Average Weather in October in Santiago Costa Rica
In Santiago, the month of October is characterized by essentially constant daily high temperatures, with daily highs around 79°F throughout the month, rarely exceeding 83°F or dropping below 74°F. The lowest daily average high temperature is 78°F on October 21.
Daily low temperatures are around 66°F, rarely falling below 64°F or exceeding 68°F. The lowest daily average low temperature is 66°F on October 2.
For reference, on March 24, the hottest day of the year, temperatures in Santiago typically range from 68°F to 84°F, while on October 2, the coldest day of the year, they range from 66°F to 79°F.
Average High and Low Temperature in October
The figure below shows you a compact characterization of the hourly average temperatures for the quarter of the year centered on October. The horizontal axis is the day, the vertical axis is the hour of the day, and the color is the average temperature for that hour and day.
Average Hourly Temperature in October
The month of October in Santiago experiences gradually decreasing cloud cover, with the percentage of time that the sky is overcast or mostly cloudy decreasing from 93% to 85%.
The clearest day of the month is October 31, with clear, mostly clear, or partly cloudy conditions 15% of the time.
For reference, on June 5, the cloudiest day of the year, the chance of overcast or mostly cloudy conditions is 95%, while on January 1, the clearest day of the year, the chance of clear, mostly clear, or partly cloudy skies is 65%.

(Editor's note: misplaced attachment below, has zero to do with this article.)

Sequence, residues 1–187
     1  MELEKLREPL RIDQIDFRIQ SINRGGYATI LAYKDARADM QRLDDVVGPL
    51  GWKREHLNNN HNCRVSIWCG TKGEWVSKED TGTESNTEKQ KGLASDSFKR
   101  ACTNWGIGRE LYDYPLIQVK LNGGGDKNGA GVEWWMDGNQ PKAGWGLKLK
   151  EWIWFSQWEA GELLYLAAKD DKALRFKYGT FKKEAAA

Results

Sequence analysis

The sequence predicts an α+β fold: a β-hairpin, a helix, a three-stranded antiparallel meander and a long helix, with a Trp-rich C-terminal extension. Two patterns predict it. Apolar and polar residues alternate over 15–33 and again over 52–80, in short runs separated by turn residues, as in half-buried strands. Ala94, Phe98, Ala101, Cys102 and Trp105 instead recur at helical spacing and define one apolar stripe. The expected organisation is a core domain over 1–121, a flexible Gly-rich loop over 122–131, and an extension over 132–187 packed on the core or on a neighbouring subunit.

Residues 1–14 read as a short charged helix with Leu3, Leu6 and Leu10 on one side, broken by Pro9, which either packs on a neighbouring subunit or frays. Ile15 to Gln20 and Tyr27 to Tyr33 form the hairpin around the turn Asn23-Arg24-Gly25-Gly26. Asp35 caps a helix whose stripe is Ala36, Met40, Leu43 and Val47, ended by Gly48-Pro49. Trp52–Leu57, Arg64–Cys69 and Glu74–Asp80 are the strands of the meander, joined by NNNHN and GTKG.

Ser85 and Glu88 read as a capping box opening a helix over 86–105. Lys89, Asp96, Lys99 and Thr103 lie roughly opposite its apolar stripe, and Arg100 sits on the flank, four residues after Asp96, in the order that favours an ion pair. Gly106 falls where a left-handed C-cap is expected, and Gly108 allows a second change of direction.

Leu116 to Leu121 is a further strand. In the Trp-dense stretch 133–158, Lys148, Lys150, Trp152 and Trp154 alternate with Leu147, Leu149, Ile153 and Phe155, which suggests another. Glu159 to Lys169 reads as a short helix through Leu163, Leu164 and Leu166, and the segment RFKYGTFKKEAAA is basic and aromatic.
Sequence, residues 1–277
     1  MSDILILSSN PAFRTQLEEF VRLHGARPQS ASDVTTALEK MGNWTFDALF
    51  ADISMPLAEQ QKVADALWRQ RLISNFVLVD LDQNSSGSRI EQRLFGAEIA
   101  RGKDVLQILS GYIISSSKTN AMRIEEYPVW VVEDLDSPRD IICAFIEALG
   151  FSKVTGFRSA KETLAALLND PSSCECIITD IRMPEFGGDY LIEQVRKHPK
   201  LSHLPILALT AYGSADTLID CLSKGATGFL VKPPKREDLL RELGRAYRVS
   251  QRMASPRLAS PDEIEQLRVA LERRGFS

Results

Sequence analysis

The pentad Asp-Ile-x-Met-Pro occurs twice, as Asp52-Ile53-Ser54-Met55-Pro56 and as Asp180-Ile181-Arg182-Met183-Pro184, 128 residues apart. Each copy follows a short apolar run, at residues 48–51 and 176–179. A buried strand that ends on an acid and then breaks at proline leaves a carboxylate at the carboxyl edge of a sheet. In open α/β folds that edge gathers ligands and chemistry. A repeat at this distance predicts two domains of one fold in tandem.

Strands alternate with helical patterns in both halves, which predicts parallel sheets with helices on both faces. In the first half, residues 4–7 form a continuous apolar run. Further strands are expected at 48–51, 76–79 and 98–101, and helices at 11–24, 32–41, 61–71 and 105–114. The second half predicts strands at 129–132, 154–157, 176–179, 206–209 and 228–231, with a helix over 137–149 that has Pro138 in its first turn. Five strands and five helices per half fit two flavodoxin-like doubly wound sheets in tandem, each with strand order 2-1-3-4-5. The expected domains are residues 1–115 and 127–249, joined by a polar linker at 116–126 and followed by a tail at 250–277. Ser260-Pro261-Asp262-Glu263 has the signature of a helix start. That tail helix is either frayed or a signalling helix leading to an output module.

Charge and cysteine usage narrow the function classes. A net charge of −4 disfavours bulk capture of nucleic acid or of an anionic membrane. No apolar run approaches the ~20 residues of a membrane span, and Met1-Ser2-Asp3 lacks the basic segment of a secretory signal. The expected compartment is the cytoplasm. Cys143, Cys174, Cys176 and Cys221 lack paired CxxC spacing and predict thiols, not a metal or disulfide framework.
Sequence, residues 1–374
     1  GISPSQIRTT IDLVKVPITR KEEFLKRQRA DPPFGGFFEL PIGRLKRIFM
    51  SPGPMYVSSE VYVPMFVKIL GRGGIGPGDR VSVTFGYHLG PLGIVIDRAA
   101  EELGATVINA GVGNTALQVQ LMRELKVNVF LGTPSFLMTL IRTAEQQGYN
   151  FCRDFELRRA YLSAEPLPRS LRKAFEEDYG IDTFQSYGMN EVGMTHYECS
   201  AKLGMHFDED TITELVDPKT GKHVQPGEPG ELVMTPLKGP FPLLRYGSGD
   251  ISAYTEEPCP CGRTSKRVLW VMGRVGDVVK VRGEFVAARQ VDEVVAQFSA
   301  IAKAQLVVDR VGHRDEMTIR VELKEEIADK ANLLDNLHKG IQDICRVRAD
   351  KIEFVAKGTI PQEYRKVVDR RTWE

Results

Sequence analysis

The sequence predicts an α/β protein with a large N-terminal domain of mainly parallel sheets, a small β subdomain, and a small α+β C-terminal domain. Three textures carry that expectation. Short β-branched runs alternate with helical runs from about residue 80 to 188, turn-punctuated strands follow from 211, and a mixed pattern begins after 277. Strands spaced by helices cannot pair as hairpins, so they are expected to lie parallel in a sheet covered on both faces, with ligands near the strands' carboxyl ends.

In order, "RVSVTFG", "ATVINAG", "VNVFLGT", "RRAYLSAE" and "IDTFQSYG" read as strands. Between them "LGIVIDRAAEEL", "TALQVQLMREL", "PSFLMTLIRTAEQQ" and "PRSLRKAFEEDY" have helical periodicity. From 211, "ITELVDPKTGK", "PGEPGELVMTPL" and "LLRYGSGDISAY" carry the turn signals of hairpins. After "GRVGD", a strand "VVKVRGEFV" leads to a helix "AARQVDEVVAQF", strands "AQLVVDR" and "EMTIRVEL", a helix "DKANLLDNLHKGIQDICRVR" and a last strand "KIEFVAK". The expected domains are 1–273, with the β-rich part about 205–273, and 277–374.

Cloud Cover in October
A wet day is one with at least 0.04 inches of liquid or liquid-equivalent precipitation. In Santiago, the chance of a wet day over the course of October is rapidly decreasing, starting the month at 50% and ending it at 43%.
For reference, the year's highest daily chance of a wet day is 51% on October 7, and its lowest chance is 5% on February 2.
Probability of Precipitation in October
To show variation within the month and not just the monthly total, we show the rainfall accumulated over a sliding 31-day period centered around each day.
The average sliding 31-day rainfall during October in Santiago is rapidly decreasing, starting the month at 6.7 inches, when it rarely exceeds 12.9 inches or falls below 2.6 inches, and ending the month at 5.5 inches, when it rarely exceeds 10.6 inches or falls below 1.9 inches.